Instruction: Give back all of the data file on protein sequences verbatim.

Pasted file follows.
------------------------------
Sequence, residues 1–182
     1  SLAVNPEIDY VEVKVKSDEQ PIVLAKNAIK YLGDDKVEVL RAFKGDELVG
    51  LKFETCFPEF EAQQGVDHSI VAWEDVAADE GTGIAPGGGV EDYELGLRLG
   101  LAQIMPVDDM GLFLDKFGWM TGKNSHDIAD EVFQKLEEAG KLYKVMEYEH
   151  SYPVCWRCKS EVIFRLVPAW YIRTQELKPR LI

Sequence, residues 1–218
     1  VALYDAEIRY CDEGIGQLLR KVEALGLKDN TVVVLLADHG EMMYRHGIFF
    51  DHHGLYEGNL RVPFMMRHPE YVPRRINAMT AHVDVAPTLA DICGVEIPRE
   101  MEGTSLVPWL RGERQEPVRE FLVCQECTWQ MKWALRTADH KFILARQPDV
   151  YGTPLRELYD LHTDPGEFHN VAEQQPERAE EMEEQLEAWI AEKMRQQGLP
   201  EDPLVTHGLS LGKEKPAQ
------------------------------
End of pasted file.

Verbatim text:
Sequence, residues 1–182
     1  SLAVNPEIDY VEVKVKSDEQ PIVLAKNAIK YLGDDKVEVL RAFKGDELVG
    51  LKFETCFPEF EAQQGVDHSI VAWEDVAADE GTGIAPGGGV EDYELGLRLG
   101  LAQIMPVDDM GLFLDKFGWM TGKNSHDIAD EVFQKLEEAG KLYKVMEYEH
   151  SYPVCWRCKS EVIFRLVPAW YIRTQELKPR LI

Sequence, residues 1–218
     1  VALYDAEIRY CDEGIGQLLR KVEALGLKDN TVVVLLADHG EMMYRHGIFF
    51  DHHGLYEGNL RVPFMMRHPE YVPRRINAMT AHVDVAPTLA DICGVEIPRE
   101  MEGTSLVPWL RGERQEPVRE FLVCQECTWQ MKWALRTADH KFILARQPDV
   151  YGTPLRELYD LHTDPGEFHN VAEQQPERAE EMEEQLEAWI AEKMRQQGLP
   201  EDPLVTHGLS LGKEKPAQ